Dask is a flexible parallel computing library for analytics. Dask emphasizes the following virtues:
- Familiar: Provides parallelized NumPy array and Pandas DataFrame objects
- Native: Enables distributed computing in Pure Python with access to the PyData stack.
- Fast: Operates with low overhead, low latency, and minimal serialization necessary for fast numerical algorithms
- Flexible: Supports complex and messy workloads
- Scales up: Runs resiliently on clusters with 100s of nodes
- Scales down: Trivial to set up and run on a laptop in a single process
- Responsive: Designed with interactive computing in mind it provides rapid feedback and diagnostics to aid humans
Familiar user interface¶
Dask DataFrame mimics Pandas
import pandas as pd import dask.dataframe as dd df = pd.read_csv('2015-01-01.csv') df = dd.read_csv('2015-*-*.csv') df.groupby(df.user_id).value.mean() df.groupby(df.user_id).value.mean().compute()
Dask Array mimics NumPy
import numpy as np import dask.array as da f = h5py.File('myfile.hdf5') f = h5py.File('myfile.hdf5') x = np.array(f['/small-data']) x = da.from_array(f['/big-data'], chunks=(1000, 1000)) x - x.mean(axis=1) x - x.mean(axis=1).compute()
Dask Bag mimics iterators, Toolz, PySpark
import dask.bag as db b = db.read_text('2015-*-*.json.gz').map(json.loads) b.pluck('name').frequencies().topk(10, lambda pair: pair).compute()
Dask Delayed mimics for loops and wraps custom code
from dask import delayed L =  for fn in filenames: # Use for loops to build up computation data = delayed(load)(fn) # Delay execution of function L.append(delayed(process)(data)) # Build connections between variables result = delayed(summarize)(L) result.compute()
Scales from laptops to clusters¶
Dask is convenient on a laptop. It installs trivially with
pip and extends the size of convenient datasets from “fits in
memory” to “fits on disk”.
Dask can scale to a cluster of 100s of machines. It is resilient, elastic, data local, and low latency. For more information see documentation on the distributed scheduler.
This ease of transition between single-machine to moderate cluster enables users both to start simple and to grow when necessary.
Dask represents parallel computations with task graphs. These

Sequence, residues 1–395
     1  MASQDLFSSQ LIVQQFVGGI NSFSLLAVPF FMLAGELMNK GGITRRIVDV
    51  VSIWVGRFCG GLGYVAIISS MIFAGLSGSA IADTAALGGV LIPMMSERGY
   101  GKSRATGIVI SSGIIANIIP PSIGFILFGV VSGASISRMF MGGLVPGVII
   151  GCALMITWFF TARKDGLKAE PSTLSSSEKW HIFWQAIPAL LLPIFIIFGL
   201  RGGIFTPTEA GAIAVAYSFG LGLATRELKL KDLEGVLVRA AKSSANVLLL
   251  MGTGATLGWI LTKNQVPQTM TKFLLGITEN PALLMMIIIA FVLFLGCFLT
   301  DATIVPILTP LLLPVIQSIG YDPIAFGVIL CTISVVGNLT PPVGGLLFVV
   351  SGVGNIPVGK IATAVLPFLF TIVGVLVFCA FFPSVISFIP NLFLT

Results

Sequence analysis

directed acyclic graphs may have arbitrary structure, which enables both
developers and users the freedom to build sophisticated algorithms and to
handle messy situations not easily managed by the
paradigm common in most data engineering frameworks.
We originally needed this complexity to build complex algorithms for n-dimensional arrays but have found it to be equally valuable when dealing with messy situations in everyday problems.
Dask collections are the main interaction point for users. They look like NumPy and pandas but generate dask graphs internally. If you are a dask user then you should start here.
Dask graphs encode algorithms in a simple format involving Python dicts, tuples, and functions. This graph format can be used in isolation from the dask collections. Working directly with dask graphs is an excellent way to implement and test new algorithms in fields such as linear algebra, optimization, and machine learning. If you are a developer, you should start here.
Schedulers execute task graphs. Dask currently has two main schedulers, one for single machine processing using threads or processes, and one for distributed memory clusters.
- Scheduler Overview
- Single machine scheduler
- Distributed scheduler (separate webpage)
- Scheduling in Depth
Inspecting and Diagnosing Graphs
Parallel code can be tricky to debug and profile. Dask provides a few tools to help make debugging and profiling graph execution easier.
Help & reference
- Development Guidelines
- Frequently Asked Questions
- Comparison to PySpark
- Opportunistic Caching
- Internal Data Ingestion
- For user questions please tag StackOverflow questions with the #dask tag.
- For bug reports and feature requests please use the GitHub issue tracker
- For community discussion please use firstname.lastname@example.org
- For chat, see gitter chat room